4) Homemade Leverage The above discussion seems to suggest that the …rm’s capital structure is important to stockholders. However, in a world of perfect capital markets, this is incorrect. Shareholders can adjust the amount of leverage in their position by borrowing or lending on their own, thereby creating homemade leverage. We use again the following example:

Say an investor who owns 100 shares of Reed company. The tables below illustrates what happens under the assumption that the …rm adopts the proposed restructuring.

Proposed Capital Structure

 
 

Recession

Expected

Expansion

EPS

$1.25

$3.75

$8.75

Earnings for 100 shares

$125.00

$375.00

$875.00

Net cost = ($25£100) = $2500

     

Original Capital Structure and Homemade Leverage

 
 

Recession

Expected

Expansion

EPS

$2.00

$3.00

$5.00

Earnings for 250 shares

$500.00

$750.00

$1250.00

Less: Interest on $3750 = at10%

$375.00

$375.00

$375.00

Net Earnings

$125.00

$375.00

$875.00

Net Cost = ($25£250)¡ borrowed = $6250 - $3750

The homemade leverage in the second section duplicates the leverage proposed by the company. It has a debt/equity ratio of 1.50. The shareholder can create the same …nancial leverage by borrowing an amount equal to 1.50 times the equity in the 100 share position, and investing this amount in additional

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shares. That is, borrow (1.50 £$2500) = $3;750 and then purchase ($3,750/$25) = 150 additional shares of stock. The total number of shares owned is then (100 + 150) = 250 shares. In the event of recession, for example, earnings for 250 shares is $500, interest paid on $3750 is $375, then net earnings would be $125, exactly like under the proposed capital structure.

If the …rm adopts the proposed capital structure, the shareholder can “unlever” the position by lending an amount su¢cient to duplicate the earnings the shareholder would receive under the capital structure. Say if a shareholder were to sell 60 shares, for a total of ($25 £60) = $1500; and then lend this $1500 at a 10% interest rate.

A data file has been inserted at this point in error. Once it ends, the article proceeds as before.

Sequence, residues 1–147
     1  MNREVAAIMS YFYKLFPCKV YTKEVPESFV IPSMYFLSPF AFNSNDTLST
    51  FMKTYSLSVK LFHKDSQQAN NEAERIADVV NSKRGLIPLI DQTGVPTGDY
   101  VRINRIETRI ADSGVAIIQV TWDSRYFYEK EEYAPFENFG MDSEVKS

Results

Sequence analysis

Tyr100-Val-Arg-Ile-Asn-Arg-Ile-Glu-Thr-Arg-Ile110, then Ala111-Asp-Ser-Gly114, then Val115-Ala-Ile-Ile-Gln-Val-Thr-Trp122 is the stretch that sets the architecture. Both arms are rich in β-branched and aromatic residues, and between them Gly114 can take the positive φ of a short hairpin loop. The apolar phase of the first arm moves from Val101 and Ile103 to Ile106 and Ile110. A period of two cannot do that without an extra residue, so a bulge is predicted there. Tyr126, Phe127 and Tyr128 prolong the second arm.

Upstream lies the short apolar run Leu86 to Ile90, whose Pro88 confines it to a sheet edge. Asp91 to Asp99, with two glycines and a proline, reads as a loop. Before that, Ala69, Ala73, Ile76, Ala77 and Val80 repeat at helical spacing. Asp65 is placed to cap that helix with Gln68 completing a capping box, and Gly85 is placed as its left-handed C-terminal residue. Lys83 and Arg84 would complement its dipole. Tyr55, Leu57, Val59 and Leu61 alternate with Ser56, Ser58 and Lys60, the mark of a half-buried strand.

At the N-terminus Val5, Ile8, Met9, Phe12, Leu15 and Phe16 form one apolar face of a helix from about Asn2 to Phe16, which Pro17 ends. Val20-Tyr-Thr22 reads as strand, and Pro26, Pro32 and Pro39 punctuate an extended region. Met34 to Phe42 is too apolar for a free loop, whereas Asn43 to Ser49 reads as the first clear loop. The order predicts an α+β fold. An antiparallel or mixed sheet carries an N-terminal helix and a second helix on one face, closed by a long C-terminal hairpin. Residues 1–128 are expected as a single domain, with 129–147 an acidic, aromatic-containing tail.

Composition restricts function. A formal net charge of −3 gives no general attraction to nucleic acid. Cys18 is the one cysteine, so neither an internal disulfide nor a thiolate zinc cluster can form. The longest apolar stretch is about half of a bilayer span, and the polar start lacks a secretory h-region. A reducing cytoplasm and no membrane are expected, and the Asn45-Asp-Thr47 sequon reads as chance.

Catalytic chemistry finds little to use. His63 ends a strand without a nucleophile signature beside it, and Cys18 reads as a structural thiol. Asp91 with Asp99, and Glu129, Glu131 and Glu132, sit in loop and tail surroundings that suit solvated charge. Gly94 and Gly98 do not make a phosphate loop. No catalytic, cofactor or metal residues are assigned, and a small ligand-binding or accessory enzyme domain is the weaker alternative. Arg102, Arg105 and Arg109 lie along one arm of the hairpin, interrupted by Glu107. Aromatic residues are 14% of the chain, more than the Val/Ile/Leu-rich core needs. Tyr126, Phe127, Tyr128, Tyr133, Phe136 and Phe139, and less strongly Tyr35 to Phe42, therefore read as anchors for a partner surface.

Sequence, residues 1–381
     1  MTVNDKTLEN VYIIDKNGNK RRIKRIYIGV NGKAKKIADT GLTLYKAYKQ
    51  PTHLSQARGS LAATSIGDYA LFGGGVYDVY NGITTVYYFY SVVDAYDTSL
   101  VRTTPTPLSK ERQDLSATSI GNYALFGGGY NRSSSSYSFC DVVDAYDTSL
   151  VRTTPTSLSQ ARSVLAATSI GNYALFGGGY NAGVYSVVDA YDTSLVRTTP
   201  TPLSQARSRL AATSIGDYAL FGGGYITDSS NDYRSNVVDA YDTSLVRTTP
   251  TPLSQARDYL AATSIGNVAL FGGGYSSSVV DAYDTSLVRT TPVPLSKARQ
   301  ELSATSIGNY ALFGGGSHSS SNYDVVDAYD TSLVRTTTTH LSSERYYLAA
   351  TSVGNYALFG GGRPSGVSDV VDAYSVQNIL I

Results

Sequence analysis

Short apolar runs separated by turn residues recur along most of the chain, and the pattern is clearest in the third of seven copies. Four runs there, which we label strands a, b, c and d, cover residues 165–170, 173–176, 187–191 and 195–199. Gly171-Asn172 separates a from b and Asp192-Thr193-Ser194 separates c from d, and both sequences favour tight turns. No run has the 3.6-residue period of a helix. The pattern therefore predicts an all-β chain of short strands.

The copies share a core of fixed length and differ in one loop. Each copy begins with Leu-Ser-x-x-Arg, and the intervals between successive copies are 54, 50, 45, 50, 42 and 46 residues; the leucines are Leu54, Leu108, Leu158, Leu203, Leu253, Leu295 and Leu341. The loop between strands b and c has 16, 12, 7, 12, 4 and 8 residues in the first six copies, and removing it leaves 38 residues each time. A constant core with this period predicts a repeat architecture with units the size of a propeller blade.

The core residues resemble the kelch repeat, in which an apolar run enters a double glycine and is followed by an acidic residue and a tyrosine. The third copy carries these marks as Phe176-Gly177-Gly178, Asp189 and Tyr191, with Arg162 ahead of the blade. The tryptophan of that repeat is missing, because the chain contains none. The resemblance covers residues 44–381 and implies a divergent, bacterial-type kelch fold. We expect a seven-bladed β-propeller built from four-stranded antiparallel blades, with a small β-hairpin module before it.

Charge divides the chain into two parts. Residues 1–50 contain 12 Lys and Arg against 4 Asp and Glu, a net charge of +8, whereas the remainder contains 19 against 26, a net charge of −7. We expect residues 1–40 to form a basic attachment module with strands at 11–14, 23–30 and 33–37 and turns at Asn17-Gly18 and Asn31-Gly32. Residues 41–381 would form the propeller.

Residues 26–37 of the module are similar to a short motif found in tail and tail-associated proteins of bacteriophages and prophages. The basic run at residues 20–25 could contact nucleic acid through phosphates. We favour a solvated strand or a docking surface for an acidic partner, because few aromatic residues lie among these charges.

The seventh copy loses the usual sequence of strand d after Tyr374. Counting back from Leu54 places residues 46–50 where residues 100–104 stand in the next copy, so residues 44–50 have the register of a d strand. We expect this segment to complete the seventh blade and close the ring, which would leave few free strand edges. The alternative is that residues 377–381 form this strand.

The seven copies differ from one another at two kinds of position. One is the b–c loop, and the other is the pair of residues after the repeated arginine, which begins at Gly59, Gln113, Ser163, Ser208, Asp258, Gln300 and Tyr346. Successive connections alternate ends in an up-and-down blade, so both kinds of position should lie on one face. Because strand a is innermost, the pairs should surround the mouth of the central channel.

Original Capital Structure

 
 

Recession

Expected

Expansion

EPS

$2.00

$3.00

$5.00

Earnings for 100 shares

$200.00

$300.00

$500.00

Net cost = ($25£100) = $2500

     

Proposed Capital Structure and Homemade Leverage

 
 

Recession

Expected

Expansion

EPS

$1.25

$3.75

$8.75

Earnings for 40 shares

$50.00

$150.00

$350.00

Plus: Interest on $1500 at10%

$150.00

$150.00

$150.00

Net Earnings

$200.00

$200.00

$200.00

Net Cost = ($25£40)+ amount loaned = $1000+$1500

Thus, an investor is indi¤erent to the capital structure decisions of the …rm since the shareholder can duplicate the preferred capital structure, regardless of the …rm’s actual capital structure, by borrowing of lending.

C) Capital Structure and The Cost of Equity Capital The previous discussion (and under certain circumstances) indicates that the price of a …rm’s com- mon stock is not dependent on the …rm’s capital structure. This conclusion was initially derived by Modigliani and Miller (M&M) in 1958; hence, we refer to this result as M&M proposition I.

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Their derivation of this result is based on the following two assumptions: …rst, there are no taxes, and second, investors can borrow on their own account at the same rate that the …rm pays on its debt.

a) M&M Proposition I: The Pie Model

Recall that V = E + D. The value of the …rm can be viewed as a pie, and the …rm’s capital structure is represented by the way in which the pie is sliced. This is the pie Model. The slices are the equity portion and the debt portion. M&M Proposition I states that the size of the pie is not a¤ected by the manner in which the pie is sliced; that is, the total value of the …rm’s assets is not a¤ected by the manner in which the …nancing is obtained. It is the assets of a …rm that generate cash ‡ow. The …rm’s capital structure is a way of packaging those cash ‡ows and selling them in …nancial markets.

Proposition I is expressed in the following manner:

V u = EBIT=R E u = V L = E L + D L

where:

V u = Value of the unlevered …rm V L = Value of the levered …rm EBIT = Perpetual operating income R E u = Equity required return for the unlevered …rm E L = Market value of equity D L = Market value of debt

(0.1)